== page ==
Everyone knows that we need sleep to function but you probably haven’t thought about the biological necessities of sleep.
Health Talk spoke with Conrad Iber, M.D., director of sleep medicine at the University of Minnesota, and got his perspective. Here’s what he had to say:
Probably since the beginning of human existence, we have wondered why we sleep.
Is it because we are avoiding nocturnal predators? Is our vision too bad to walk around safely at night? Does sleep replenish our bodies as parents tell children? Does sleep remove our worries as Shakespeare suggested in Macbeth? “Sleep knits up the raveled sleeve of care.”
Until the last few years even sleep researchers struggled with these questions. Certainly sleep has been shown to fine-tune memory and improves judgment. Investigators at the University of Wisconsin have recently shown that during sleep, a pruning process cleans out unneeded synaptic connections and makes more room for learning the next day.
Recent findings place Shakespeare closer to the answer. There is an even more dramatic process occurring every night: the brain’s daily collection of refuse is being removed. Sleep appears to be part of the waste removal system, according to researchers at the University of Rochester.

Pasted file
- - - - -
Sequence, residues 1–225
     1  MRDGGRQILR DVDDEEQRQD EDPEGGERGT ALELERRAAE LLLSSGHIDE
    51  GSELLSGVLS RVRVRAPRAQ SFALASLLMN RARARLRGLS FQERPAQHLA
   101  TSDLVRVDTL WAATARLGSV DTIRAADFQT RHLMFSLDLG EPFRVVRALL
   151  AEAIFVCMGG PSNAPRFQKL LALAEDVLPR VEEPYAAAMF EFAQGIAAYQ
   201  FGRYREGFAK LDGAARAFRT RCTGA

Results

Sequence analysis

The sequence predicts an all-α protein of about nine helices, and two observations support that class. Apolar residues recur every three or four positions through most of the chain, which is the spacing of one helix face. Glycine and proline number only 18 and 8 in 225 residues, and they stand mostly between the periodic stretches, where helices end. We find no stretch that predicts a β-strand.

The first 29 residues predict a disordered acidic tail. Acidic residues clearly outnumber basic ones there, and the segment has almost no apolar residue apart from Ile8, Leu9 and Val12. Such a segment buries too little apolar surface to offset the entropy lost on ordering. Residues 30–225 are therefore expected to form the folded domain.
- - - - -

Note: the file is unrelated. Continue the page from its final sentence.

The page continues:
These findings may not be as attractive as Shakespeare’s image, but they do suggest that not getting enough sleep is indeed a very bad way to treat our brain and explains why we can’t think as well or even operate a motor vehicle as safely when we are sleep deprived.
These are not just interesting observations and the issues are not trivial.
The CDC estimates that more than 30 percent of us are not allowing this brain cleaning process to occur and those who get less than 7 hours of sleep are twice as likely to fall asleep while driving.
Insufficient sleep is associated with shorter life expectancy and a host of other health and cognitive problems.
It’s certainly worth the time getting a good night’s sleep.